On the other hand, Lola Monroe (@Thee_LolaMonroe), as DJ Holiday (@Djholiday) puts it on the opening song of "Boss Bitch's World 2", "is gonna show you how to do it the right way".  The former model/actress turned rapper keeps it real on remixes of Kanye West's "Power" (featuring Teirra Marie), Officer Ricky's "BMF", Gucci Mane's "Lemonade", and Lil Wayne's "Drop the World"; all excellent choices to show her versatility and ability to stand up to the heavy hitters in the game.  However, the big remix goes back into the crates a bit, pulling out the classic Method Man and Mary J. Blige collaboration, "All I Need", flipping it to a females point of view.  It's just one verse, but it shows Monroe's appreciation of real hip-hop and what came before her, and she makes it her own.  "Overtime" (featuring Trina) goes hard, and "Gechur Haters" is Lola's demo to get on Swizz Beats' next club banger.  Musically, Lola Monroe and Gangsta Boo are not all that different; but Lola comes with a fire and genuine flavor that takes you from Pinky to Nicki status with the quickness...



Diddy (@iamdiddy) and his backup singers, Dirty Money (@DIRTYMONEYCREW), dropped "Last Train to Paris" this past Tuesday, and put out this "Prelude" mixtape a few days prior.  Now I give a lot of sh*t for not staying to true to the game and the art form, and give a lot of credit for creativity and innovation, so this record has me torn.  On one hand, THIS IS IN NO WAY A HIP-HOP RECORD.  Having Lil Wayne on a track does not make you hip-hop (See: Miley Cyrus, Madonna), nor does the standard hype-man ad-libbing from Diddy a la classic Biggie tracks.  The days of "Who Shot Ya" and even "D.I.D.D.Y." are long gone.  However, this tape, and the LP that followed it, is incredibly inventive and new.  It's made for the club, an expensive club... hell, I'd go as far to say it's made for an expensive club in the year 2030.  Layers of percussion are draped with weird, atonal synths, all set over a thumping house tempo.  Diddy gets auto-tuned, and Dirty Money plays their role as super-chic R&B fembots.  If you're a hip-hop purist, this will most likely make you vomit.  I happen to love the art, but I also understand an artists desire to try something new.  For what it's worth, Diddy is authentic on this one, making the music he hears, not what the market tells him to...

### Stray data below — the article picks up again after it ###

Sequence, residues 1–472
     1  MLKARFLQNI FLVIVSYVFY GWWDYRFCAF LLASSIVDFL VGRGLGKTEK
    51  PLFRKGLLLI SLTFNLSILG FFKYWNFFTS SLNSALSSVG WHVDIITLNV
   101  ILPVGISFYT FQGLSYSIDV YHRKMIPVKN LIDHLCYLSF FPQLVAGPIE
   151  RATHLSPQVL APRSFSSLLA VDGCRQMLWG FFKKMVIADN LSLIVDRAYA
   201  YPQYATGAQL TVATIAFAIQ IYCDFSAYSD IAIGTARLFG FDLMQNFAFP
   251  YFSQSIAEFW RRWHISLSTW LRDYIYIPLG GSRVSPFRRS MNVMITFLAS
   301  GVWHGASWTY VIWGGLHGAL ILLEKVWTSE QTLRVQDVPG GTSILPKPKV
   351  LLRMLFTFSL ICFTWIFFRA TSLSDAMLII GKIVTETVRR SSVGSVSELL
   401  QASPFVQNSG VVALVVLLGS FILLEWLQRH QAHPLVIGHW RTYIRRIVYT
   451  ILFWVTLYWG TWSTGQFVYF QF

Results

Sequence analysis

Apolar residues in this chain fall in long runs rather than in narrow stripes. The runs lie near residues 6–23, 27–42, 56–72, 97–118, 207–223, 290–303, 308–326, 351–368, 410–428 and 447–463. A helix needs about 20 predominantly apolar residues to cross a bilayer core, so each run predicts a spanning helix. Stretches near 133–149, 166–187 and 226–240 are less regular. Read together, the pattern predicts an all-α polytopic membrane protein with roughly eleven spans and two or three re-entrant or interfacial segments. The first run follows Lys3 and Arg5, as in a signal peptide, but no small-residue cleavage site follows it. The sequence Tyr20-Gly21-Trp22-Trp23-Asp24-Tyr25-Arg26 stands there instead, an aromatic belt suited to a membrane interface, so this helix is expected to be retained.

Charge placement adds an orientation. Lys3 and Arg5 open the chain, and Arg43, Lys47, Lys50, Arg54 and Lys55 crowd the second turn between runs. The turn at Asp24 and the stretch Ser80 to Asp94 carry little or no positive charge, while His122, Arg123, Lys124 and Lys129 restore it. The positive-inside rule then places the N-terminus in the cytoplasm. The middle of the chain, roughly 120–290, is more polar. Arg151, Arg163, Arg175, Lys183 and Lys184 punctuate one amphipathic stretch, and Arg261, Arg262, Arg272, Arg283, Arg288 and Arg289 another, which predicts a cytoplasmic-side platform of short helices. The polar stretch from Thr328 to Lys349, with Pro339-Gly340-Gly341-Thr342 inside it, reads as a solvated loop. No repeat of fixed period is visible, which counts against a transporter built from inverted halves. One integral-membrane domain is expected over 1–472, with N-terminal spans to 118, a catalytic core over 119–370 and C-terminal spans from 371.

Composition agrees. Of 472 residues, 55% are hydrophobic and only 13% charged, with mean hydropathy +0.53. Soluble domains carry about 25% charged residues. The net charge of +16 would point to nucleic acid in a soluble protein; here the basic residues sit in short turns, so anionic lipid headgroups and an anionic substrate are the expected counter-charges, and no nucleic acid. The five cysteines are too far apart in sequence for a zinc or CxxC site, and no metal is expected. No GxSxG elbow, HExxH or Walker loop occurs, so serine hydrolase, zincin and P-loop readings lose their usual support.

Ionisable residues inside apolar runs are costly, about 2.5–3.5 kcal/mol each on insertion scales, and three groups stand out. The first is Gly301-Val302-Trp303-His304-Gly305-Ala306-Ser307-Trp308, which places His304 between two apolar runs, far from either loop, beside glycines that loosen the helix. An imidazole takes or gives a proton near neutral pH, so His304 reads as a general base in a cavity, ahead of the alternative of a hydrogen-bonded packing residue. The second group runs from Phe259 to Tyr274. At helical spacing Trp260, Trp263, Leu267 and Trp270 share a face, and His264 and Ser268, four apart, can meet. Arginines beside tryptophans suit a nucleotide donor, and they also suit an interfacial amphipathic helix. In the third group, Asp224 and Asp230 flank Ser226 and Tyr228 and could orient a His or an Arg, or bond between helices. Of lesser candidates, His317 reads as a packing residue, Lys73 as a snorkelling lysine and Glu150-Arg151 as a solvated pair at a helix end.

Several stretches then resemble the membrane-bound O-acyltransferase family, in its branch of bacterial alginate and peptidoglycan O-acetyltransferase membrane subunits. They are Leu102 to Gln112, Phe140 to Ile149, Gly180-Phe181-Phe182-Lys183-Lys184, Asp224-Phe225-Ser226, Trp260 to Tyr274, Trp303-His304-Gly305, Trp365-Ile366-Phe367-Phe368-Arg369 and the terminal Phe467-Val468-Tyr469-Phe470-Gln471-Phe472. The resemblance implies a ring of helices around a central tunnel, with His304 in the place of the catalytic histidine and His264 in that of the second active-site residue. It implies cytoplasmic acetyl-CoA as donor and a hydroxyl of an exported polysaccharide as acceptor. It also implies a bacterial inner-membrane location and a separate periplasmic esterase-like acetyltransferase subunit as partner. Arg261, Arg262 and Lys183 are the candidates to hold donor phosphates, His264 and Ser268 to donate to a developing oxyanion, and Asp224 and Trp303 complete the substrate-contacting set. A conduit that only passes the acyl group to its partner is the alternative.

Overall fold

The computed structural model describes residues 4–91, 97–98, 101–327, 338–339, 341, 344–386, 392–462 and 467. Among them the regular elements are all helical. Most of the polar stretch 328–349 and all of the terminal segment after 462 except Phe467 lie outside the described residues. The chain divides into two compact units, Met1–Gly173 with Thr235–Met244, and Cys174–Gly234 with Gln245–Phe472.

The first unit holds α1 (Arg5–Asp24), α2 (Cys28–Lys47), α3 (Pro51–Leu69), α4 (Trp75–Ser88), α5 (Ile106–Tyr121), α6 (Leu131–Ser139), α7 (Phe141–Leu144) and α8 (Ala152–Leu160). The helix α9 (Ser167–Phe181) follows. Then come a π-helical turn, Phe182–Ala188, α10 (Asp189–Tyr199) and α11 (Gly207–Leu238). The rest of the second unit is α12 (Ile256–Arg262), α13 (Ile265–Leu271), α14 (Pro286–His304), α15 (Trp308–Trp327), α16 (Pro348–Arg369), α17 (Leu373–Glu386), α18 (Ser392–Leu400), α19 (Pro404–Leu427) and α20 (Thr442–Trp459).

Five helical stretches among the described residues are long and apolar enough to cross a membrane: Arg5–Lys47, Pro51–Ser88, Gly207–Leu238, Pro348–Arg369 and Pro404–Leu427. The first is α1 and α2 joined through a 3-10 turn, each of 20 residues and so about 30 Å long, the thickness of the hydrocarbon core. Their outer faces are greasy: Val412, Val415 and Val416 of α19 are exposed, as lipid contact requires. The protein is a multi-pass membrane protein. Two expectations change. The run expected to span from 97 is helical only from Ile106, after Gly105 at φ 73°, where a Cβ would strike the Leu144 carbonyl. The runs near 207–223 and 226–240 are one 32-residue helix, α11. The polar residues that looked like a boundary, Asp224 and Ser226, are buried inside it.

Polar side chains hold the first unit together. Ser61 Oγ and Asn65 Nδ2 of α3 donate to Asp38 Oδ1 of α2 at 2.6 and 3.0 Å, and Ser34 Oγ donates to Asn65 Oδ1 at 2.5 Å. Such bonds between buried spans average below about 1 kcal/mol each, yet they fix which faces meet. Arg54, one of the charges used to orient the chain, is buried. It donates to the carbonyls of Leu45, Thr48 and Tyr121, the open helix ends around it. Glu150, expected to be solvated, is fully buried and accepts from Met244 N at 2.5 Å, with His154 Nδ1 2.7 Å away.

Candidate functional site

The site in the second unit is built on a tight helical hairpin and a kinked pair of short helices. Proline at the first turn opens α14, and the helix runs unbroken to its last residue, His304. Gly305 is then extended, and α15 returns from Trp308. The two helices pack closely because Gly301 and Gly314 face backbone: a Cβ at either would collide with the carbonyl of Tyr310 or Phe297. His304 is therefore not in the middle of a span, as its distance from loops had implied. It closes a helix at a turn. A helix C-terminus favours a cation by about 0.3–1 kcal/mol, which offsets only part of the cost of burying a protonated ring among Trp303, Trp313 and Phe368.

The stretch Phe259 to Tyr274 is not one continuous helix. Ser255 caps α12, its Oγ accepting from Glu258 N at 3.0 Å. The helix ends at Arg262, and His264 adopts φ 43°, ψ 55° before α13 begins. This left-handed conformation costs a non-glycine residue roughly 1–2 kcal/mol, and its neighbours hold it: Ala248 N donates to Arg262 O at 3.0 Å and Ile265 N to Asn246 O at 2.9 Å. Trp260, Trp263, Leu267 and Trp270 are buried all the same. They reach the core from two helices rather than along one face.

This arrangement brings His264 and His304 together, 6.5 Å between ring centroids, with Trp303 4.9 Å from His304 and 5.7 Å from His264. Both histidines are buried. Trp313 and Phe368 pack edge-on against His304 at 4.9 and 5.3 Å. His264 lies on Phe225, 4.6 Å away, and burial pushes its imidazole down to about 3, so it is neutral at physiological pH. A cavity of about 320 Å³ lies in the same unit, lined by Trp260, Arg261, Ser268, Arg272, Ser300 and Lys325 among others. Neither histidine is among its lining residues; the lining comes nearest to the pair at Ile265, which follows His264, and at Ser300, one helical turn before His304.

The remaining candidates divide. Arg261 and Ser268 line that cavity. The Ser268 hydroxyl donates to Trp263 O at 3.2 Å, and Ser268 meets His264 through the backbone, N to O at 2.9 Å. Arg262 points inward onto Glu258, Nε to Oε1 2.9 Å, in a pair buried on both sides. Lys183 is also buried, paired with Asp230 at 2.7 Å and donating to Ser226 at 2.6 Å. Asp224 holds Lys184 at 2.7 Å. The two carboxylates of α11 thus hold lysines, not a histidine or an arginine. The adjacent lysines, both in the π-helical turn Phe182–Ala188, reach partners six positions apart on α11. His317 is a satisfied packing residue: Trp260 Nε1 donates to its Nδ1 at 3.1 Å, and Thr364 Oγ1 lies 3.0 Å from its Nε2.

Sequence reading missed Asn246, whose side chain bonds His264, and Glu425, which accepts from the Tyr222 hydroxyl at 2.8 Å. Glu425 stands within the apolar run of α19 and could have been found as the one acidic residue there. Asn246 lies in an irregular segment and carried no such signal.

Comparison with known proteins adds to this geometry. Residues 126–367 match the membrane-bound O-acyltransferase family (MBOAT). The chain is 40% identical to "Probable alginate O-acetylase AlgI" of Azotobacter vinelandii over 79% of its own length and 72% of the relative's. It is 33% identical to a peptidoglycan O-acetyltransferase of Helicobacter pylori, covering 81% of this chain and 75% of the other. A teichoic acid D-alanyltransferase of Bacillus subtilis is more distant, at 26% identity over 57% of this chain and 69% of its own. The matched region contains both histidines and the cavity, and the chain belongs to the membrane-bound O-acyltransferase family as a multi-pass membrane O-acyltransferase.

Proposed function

Finally, TF Mafia's (@TFMafia) "Foot on the Pedal" has been out for a minute, and Mimi had the opportunity to interview them on the show.  Along with DJ Self (@djself), the Queens rap group enlist the likes of Bun B, Max B, and Papoose.  Production is tight throughout, and rhymes stay aggressive in true Queens style, reminiscent of The Firm and G-Unit crews.  It's a good introduction to the crew and good one to cop for anyone into NYC street rap.  Thing is, I can't seem to find a download link or image or their cover anywhere on the web... so check them out on Twitter or at http://www.tfmafia.com/.  Feel free to leave a comment on where to find it "Foot on the Pedal" online...


Catch me (@VanStylesRadio) every Sunday on G-Unit Radio 4-8pm EST, Sirius Shade45/XM66 for The Mixtape Report with Miss Mimi